The couple decided they should leave China while they could, anticipating the United States would eventually restrict or halt flights coming from the country. But the only flight Zurek could find was for early February, which he thought might be too late. And when he'd try to call the airlines, he couldn't get through and the websites would crash, jammed with traffic.
"Every day my wife would tell me, 'We've got to leave early. This is going to get bad,'" he said. Because Annie Zurek is not an American citizen and instead has a green card, she wasn't able to get a flight arranged by the State Department to return to the U.S., Ken Zurek said, and he didn't want to go home without her.
When they woke up the morning of Jan. 29, Zurek said his wife told him to leave while he could, and she would stay behind. "I said, 'No. We came here together; we'll leave together.'"
"This was the only time I was really scared," Zurek added. "At that point I really realized I could die here."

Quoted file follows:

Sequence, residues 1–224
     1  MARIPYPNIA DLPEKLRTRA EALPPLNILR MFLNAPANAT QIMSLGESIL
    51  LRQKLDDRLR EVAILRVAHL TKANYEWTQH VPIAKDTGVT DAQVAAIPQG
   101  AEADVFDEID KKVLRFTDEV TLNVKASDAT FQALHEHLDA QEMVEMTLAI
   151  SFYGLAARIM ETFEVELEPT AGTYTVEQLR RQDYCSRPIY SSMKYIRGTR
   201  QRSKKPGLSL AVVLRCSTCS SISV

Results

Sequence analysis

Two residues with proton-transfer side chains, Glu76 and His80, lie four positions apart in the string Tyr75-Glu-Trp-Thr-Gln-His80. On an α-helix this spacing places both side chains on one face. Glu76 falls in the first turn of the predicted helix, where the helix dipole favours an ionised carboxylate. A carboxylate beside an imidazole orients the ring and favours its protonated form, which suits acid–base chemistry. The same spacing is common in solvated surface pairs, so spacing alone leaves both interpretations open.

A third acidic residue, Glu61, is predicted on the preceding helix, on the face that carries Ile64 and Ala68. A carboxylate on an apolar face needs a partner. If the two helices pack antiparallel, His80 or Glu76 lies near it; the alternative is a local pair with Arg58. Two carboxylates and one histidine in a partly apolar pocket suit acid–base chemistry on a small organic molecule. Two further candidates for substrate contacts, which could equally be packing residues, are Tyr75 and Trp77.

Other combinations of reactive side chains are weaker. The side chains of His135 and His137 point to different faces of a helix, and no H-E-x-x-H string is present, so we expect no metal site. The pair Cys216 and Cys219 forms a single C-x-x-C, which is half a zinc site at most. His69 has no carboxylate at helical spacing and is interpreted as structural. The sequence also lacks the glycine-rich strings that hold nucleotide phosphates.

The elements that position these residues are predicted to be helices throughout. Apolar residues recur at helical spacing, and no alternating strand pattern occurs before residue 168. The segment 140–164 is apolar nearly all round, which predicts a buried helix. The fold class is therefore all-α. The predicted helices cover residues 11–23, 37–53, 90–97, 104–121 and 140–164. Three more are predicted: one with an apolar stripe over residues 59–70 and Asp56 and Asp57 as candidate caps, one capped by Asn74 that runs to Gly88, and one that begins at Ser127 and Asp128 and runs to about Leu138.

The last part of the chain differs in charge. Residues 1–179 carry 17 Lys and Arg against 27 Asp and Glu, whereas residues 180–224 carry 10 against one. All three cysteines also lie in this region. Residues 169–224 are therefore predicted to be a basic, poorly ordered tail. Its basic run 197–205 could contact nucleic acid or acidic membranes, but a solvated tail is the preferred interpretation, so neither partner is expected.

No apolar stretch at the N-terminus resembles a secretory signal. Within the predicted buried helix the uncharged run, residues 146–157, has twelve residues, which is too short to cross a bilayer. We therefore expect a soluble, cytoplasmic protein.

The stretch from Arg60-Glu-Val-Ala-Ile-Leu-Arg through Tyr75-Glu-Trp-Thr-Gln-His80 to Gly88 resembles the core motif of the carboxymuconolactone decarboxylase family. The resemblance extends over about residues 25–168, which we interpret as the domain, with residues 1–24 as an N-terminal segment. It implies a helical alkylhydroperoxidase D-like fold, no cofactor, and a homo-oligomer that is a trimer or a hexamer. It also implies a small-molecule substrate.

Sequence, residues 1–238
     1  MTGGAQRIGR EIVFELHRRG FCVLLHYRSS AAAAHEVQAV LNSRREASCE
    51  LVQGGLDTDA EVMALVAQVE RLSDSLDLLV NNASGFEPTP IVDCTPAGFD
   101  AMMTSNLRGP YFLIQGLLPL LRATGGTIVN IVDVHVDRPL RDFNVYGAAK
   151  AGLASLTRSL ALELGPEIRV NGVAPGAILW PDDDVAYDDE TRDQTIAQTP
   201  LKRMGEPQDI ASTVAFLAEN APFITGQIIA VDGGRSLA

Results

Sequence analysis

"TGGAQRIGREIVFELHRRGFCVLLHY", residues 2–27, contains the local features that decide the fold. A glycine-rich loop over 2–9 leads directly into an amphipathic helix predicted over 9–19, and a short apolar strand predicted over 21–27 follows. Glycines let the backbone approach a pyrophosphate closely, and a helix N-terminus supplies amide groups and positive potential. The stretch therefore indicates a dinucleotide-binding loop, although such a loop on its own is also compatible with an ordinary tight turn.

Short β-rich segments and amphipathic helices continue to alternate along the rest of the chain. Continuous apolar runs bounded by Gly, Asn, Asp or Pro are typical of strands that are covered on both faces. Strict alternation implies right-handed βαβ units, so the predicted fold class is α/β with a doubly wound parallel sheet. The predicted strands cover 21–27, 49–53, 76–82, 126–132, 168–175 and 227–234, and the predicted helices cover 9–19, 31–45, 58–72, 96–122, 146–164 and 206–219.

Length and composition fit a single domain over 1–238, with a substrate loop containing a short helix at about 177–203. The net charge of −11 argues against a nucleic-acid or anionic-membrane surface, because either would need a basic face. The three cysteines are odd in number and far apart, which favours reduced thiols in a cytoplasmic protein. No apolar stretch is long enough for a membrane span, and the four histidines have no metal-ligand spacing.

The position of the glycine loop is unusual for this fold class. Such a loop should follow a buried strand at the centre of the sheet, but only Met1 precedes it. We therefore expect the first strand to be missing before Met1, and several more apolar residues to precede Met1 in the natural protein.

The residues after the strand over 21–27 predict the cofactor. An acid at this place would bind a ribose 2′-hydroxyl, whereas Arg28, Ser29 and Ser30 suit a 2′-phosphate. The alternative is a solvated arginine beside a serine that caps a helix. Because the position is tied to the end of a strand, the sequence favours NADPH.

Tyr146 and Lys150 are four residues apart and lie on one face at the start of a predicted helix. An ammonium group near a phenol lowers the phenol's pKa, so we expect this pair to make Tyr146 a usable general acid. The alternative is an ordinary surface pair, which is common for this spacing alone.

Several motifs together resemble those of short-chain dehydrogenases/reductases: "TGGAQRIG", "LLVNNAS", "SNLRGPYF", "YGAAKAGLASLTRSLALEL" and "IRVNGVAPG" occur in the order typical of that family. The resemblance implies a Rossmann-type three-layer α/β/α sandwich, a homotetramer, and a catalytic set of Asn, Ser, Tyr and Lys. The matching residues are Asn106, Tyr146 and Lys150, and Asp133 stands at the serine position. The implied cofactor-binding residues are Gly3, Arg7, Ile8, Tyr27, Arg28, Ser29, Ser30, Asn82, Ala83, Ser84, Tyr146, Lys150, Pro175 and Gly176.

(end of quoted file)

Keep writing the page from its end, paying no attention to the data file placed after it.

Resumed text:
Zurek called his sister, who was staying at the couple's home, watching their cat, and she was able to get through to the airlines and then called him back with the airline representative also on the phone.
The airline representative told him "'if you can get to the airport in two hours, you have the last two seats,'" Zurek said. "We packed so fast."
At the airport, everyone wore masks, he said. Inside the plane, flight attendants and the pilot also donned masks.
Zurek said he didn't see any screening for fever or symptoms once they arrived at O'Hare. "We walked right out the airport exit."
At that point, the Centers for Disease Control and Prevention had already begun screening passengers at several airports, including O'Hare, but only for travelers from areas closer to the epicenter of the outbreak in China.
Zurek said he and his wife continued to wear masks, including during their Uber ride, until they arrived home, and haven't left their home since their return.